This operation has been modified as per budget revision 13.
Since early 2013, returnee and refugee populations have been fleeing northern Nigeria acrossland and water borders to Cameroon, Chad and Niger. Until recently, numbers were relatively low and populations were supported under WFP or partner existing activities. However, growing insecurity in 2014 has led to important peaks in arrivals, most recently in August 2014, and the growing number of arrivals is anticipated to continue. In Cameroon, cross-border insecurity is creating waves of internal displacement, and disrupting normal economic and planting activities in areas of the Far North.
The influx of refugees, returnees, and internally displaced persons is putting further strain on already stretched environmental resources and basic services across the three receiving countries. Meanwhile, insecurity in northern Nigeria has disrupted traditional cross border trade and herding and impacted market prices in the neighboring countries; as the bread basket for the greater region, there is growing concern regarding the 2014/2015 harvest in Nigeria following from large-scale internal displacement and poor rains.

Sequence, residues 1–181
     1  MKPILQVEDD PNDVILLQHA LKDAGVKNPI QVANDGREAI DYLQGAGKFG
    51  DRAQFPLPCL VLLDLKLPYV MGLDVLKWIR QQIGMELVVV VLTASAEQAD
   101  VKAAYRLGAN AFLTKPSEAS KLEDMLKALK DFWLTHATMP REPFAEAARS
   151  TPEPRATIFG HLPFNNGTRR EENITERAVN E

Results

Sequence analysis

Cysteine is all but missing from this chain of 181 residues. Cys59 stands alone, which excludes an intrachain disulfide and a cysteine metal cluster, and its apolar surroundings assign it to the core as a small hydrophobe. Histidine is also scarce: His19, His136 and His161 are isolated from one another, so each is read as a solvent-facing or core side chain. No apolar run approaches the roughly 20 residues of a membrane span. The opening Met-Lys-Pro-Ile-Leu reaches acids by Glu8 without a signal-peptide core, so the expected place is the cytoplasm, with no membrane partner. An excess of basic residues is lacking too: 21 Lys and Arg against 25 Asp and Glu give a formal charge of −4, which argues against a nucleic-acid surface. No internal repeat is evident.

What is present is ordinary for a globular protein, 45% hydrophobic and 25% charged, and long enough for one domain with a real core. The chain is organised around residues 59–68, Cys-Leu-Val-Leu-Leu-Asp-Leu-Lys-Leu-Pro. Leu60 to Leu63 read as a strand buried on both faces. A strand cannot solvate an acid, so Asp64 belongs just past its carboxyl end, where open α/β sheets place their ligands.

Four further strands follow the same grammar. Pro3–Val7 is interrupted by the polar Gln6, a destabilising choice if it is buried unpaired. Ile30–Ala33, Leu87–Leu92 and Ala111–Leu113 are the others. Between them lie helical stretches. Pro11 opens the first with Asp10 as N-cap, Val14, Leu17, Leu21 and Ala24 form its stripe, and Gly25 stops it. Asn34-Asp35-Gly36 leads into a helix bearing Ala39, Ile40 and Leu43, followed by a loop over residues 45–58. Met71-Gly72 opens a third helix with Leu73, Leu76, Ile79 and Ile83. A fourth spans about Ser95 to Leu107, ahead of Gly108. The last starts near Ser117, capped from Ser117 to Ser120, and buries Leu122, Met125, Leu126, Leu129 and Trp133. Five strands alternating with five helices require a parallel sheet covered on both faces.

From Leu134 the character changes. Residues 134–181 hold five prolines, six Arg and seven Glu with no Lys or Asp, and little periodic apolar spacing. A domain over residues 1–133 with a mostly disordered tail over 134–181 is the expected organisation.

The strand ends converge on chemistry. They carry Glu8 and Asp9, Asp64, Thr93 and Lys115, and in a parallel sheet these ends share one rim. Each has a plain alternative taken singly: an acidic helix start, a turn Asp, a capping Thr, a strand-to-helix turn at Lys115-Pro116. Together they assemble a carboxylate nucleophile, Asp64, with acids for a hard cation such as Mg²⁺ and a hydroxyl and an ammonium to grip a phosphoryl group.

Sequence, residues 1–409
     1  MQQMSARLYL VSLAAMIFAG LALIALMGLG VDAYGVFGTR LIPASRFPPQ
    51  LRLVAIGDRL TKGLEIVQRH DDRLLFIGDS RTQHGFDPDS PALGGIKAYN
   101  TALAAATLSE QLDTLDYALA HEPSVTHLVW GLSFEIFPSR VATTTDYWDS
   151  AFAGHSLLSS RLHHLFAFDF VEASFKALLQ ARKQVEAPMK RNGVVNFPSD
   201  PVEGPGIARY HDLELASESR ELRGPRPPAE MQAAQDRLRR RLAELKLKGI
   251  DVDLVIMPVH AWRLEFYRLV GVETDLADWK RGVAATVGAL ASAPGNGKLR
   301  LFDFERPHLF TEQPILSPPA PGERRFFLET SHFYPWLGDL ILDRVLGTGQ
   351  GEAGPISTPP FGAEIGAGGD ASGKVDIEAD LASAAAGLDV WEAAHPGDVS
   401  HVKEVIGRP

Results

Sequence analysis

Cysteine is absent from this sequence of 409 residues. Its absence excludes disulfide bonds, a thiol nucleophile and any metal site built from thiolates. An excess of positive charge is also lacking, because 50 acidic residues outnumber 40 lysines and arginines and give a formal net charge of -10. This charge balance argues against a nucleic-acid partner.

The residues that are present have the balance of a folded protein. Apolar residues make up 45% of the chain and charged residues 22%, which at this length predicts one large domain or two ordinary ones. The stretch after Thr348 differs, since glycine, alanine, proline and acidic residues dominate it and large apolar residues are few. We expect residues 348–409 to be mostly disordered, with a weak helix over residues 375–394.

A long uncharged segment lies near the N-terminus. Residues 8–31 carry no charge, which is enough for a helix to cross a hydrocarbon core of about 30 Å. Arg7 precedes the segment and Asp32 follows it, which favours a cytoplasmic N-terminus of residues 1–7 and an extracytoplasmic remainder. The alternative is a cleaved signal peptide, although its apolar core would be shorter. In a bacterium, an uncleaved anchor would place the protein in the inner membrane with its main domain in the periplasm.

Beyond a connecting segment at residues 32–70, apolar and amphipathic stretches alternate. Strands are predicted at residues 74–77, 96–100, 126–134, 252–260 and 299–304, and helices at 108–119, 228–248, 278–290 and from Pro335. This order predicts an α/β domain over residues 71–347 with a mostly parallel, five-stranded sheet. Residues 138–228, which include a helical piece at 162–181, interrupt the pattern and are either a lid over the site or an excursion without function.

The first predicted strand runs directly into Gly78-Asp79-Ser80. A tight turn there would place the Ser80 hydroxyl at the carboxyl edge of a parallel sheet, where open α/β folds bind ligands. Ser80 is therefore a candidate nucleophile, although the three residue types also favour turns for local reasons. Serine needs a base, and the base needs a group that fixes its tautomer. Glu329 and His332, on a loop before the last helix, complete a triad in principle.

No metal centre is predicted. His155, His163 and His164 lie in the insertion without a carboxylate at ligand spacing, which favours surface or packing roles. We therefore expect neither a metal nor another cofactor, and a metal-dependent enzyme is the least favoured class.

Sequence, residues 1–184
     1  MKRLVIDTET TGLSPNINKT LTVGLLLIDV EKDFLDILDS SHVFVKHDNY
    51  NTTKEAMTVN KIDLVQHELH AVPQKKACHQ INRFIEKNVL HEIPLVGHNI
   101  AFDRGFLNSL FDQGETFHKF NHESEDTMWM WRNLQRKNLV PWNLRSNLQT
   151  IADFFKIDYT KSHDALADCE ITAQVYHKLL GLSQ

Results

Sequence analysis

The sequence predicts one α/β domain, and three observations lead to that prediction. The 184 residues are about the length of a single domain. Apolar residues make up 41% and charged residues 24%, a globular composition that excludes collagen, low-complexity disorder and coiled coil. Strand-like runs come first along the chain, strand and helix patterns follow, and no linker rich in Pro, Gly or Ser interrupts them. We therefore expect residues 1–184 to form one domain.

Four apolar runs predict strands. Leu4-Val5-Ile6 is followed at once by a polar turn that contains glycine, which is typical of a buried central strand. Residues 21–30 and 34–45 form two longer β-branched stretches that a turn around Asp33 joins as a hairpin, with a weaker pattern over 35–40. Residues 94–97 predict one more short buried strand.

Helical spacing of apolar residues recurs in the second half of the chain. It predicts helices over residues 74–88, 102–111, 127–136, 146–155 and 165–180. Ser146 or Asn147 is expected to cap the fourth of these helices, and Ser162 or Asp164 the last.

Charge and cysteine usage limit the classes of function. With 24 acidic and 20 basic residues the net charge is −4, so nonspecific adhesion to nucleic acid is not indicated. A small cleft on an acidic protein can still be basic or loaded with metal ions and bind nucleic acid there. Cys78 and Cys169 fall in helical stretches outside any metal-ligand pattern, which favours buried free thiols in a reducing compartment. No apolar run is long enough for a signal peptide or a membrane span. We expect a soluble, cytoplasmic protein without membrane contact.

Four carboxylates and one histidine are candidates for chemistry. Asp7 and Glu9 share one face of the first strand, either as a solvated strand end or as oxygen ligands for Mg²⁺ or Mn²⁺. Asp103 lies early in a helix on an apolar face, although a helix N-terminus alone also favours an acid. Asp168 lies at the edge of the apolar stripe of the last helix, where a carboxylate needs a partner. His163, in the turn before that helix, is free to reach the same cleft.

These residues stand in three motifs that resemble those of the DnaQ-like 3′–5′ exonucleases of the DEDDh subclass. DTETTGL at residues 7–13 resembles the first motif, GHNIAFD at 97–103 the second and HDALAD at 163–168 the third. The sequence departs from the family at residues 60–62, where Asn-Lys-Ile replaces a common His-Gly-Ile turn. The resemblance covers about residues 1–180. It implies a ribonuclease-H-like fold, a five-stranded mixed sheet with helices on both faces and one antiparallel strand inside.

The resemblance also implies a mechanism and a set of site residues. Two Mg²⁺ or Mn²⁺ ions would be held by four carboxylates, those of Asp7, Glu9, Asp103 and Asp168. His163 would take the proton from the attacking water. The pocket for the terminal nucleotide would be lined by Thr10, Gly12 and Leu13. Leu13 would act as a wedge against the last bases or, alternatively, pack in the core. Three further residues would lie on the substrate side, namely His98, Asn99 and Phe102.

West Africa Regional Emergency Operation 200777 (EMOP) responds to the evolving situation that is marked by: fast-growing population influxes since August 2014; an emergency nutrition situation observed among newly arriving refugee children; a changing dynamic of arrivals with increasing numbers of female-headed households and children; an internally displaced population in Cameroon; and rising security risks for staff and partners operating in the remote areas.
The EMOP aims to support 238,000 beneficiaries over twelve months. As a regional operation, WFP is able to ensure coherent objectives and strategies across the countries and to support more equitable distribution of resources. Target groups include refugees (Cameroon, Chad, Niger), returnees (Niger), and internally displaced persons (Cameroon). In all three countries, poor and very poor local populations whose access to food has been aggravated as a direct result of the crisis will also receive targeted assistance.